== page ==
4 2 against Eckerd Drug Stores which is owned by J.C. Penney. As more fully described in that cornplaint, serious questions were raised about the selective disclosure of the timing of the lawsuit to short-sellers of J.C. Penney Co. stock as reported in a Wall Street Journal article of January 7, 2003, Suit Butters Penney Shares, But Serves Short-Sellers Well, by David Armstrong and Ann Zirnmerman. The U.S. Chamber of Commerce s Institute for Legal Reform supported WLF s complaint and urged the Commission to issue a formal order of investigation. A copy of WLF s complaint is available on our website at www. wlf. org. The Wall Street Journal article describing the J.C. Penney lawsuit is attached hereto. On March 24, 2003, WLF filed a Petition for Rulemaking (SEC File No ) requesting that the SEC require that prior notice be given to the public of upcoming communications between plaintiff s attorneys and analysts, hedge fund managers, shortsellers, and others in order to protect investors in companies that are being targeted for litigation from any subsequent sudden drop in the stock prices of the targeted companies. An example of this kind of contact between trial lawyers and analysts was desckibed by reporter David Segal in his article, Tag-Team Lawyers Make Business Blink: HMOs Latest to Grapple With Threat of Investor-Scaring Mega-Verdicts, Wash. Post, Nov. 12, 1999 at AI, an online version of which is attached hereto. WLF s proposal is a variation of the SEC Rule FD (Fair Disclosure) which now requires company officials to make public certain discussions with analysts. WLF s rulemaking petition is also available on our website. On April 30, 2003, WLF also filed comments with the SEC in response to request for public comments on the two-day Hedge Fund Roundtable that occurred last week, In those comments, WLF requested that the SEC s investigation of hedge funds include the issue of the relationship between plaintiffs attorneys and short sellers. Those comments are also available on WLF s website. Xn recent years, WLF has also opposed proposed class action settlements on behalf of class members objecting to excessive plaintiffs attorneys fees, while class members receive little if any compensation. See, e. g., In re Synthroid Mkt. Litig., 264 F.3d 712 (7th Cir. 2001); Wilson v. Massachusetts Mutual Life Ins. Co., No. DO101 CV (1st Dist., Sante Fe County, NM) (objection filed Feb. 2, 2001); In re Compact Disc Minimum Advertised Price Antitrust Litigation, MDL Docket No (D, ME) (objections filed March 3, 2003). WLF has also participated in litigation opposing the filing of class action lawsuits against companies simply for failing to meet revenue and profitability projections. See, e.g., Cypress Semiconductor Corp. v. Yourman, 2001 Cal. App. Unpub. LEXIS WLF s Legal Studies Division has produced and distributed timely publications on securities regulations. WLF s recently published Legal Backgrounders on the topic include: Peter L. Welsh, Surbanes-Oxley And The Cost Of Crirninalization; Robert A. McTamaney, The Sarbanes-Oxley Act Of 2002: Will It Prevent Future Enrons? ; and Claudius 0. Sokenu, SEC Expands Foreign Corruption Law Beyand Congressional Intent. Finally, as part of WLF s Civic Communications Program, WLF educates the public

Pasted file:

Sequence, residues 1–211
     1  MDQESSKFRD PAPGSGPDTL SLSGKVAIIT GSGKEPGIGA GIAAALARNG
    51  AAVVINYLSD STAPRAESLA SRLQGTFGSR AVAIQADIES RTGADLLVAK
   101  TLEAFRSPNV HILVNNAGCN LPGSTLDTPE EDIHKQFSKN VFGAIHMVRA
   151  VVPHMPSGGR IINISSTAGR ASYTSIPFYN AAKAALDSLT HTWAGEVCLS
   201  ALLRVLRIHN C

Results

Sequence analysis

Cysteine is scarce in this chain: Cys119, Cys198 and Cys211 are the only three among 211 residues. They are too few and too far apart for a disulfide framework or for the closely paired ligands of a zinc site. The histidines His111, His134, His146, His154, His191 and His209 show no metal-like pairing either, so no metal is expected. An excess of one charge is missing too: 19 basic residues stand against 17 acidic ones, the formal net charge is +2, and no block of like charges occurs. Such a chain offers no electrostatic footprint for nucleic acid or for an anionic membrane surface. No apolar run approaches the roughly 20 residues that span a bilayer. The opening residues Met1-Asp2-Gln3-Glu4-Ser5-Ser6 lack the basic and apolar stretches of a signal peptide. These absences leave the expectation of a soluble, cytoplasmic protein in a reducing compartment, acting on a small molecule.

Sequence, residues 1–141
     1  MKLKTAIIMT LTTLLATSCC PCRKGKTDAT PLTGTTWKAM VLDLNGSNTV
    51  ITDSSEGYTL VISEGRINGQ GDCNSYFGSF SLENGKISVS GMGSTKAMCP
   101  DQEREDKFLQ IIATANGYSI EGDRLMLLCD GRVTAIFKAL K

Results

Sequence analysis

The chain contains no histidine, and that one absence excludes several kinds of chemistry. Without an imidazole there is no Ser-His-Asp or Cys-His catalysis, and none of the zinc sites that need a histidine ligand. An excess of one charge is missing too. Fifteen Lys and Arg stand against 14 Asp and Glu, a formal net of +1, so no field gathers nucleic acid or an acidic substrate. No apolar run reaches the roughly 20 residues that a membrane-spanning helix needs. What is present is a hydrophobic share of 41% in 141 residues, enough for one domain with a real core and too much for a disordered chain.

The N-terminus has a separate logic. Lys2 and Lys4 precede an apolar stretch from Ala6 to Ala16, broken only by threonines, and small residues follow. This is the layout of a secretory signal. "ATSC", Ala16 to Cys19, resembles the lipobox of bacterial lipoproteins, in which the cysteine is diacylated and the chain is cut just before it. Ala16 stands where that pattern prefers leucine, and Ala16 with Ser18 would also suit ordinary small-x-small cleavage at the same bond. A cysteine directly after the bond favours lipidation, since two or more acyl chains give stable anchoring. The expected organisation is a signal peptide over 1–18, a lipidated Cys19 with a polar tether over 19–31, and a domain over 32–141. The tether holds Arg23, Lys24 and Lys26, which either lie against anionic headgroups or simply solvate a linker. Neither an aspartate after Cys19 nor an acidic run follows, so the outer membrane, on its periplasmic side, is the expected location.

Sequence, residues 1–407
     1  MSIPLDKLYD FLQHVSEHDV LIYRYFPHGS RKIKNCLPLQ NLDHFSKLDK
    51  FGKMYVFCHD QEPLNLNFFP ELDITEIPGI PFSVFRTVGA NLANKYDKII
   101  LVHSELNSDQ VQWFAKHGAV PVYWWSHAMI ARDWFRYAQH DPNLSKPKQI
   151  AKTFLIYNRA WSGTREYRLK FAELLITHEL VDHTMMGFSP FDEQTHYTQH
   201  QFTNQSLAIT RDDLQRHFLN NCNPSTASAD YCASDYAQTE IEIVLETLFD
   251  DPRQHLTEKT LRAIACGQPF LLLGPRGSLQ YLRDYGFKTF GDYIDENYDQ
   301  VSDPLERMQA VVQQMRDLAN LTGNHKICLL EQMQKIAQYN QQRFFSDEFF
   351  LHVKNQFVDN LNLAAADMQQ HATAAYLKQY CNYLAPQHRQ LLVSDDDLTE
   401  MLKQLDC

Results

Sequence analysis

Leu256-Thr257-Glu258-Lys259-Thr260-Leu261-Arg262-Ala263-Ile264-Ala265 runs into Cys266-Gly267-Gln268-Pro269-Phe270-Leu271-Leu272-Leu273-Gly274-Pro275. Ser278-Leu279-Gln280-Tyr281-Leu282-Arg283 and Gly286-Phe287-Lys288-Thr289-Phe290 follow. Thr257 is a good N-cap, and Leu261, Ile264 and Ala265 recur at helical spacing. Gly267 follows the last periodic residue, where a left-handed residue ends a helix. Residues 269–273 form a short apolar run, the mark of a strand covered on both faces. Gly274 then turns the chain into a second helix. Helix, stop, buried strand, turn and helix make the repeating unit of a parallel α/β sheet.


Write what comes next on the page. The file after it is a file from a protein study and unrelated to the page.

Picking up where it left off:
5 by publishing op-eds and similar policy advertisements in the New York Times, National Journal, and other major publications. Three recent copies of those publications relating to trial lawyers and Wall Street are attached hereto for the record. Accordingly, WLF has an long-standing interest in ensuring that lawsuits in general, and class actions in particular, are not prepared, discussed, and filed in such a way so as to cause needless harm to shareholders of the targeted company, or to enrich short-sellers who may have improperly received pre-filing information about the lawsuits. 3 Short Selling, Trial Attorneys, and SEC Regulation: A Case Example We recognize that short selling is not inherently antithetical to the interests of investors and the securities markets. Indeed, short selling plays a positive role in the securities market by providing market liquidity and pricing efficiency. But precisely because short selling has an impact on the market, there is also potential for abuse.' For example, a "bear raid" occurs when short selling is designed to drive down the price of the stock by creating an imbalance on the sell-side interest. Congress was concerned about so-called "bear raids" following the 1929 stock market crash, and in enacting the Securities and Exchange Act of 1934, Congress gave the SEC the authority to stop short selling abuses. In response, the SEC has enacted several rules, such as Rule 10a-1 that includes the so-called "uptick" rule which essentially requires that a security may be sold short at a price above the price which the immediately preceding sale was effected. In 1943, the SEC studied short selling in response to a request by Congress, and recommended improvements in short sale data collection, but apparently no action was taken. In 1976, the SEC ordered a general investigation in short selling and considered suspending the uptick rule, but withdrew its proposals due to public opposition. In 1991, the House Committee on Government Operations issued a report on short selling, agreed that the SEC's uptick rule was valuable as a price stabiiizing force, and encouraged Nasdaq to adopt similar restrictions. Moreover, and most relevant for the hearing today, the House Report also concluded that there appeared to be "a pattern of abusive and destructive rumor mongering, targeted specifically at companies in the equity securities of which some short-selling investors have established major short positions. 'I The House Report also recommended that daily and weekly short-selling data activity and interest be obtained from broker-dealers, and be made available electronically. Id. On October 20, 1999, the SEC issued a "concept release" on short selling proposing to eliminate the uptick rule in certain circumstances and to make other changes in regulating short selling. However, no.further action has been taken on the subject since then, and it is Short-Selling Activity in the Stuck Market: Market Eflects and the Need fur Regulation (Part 1) (House Report), H.R. Rep. No (1991).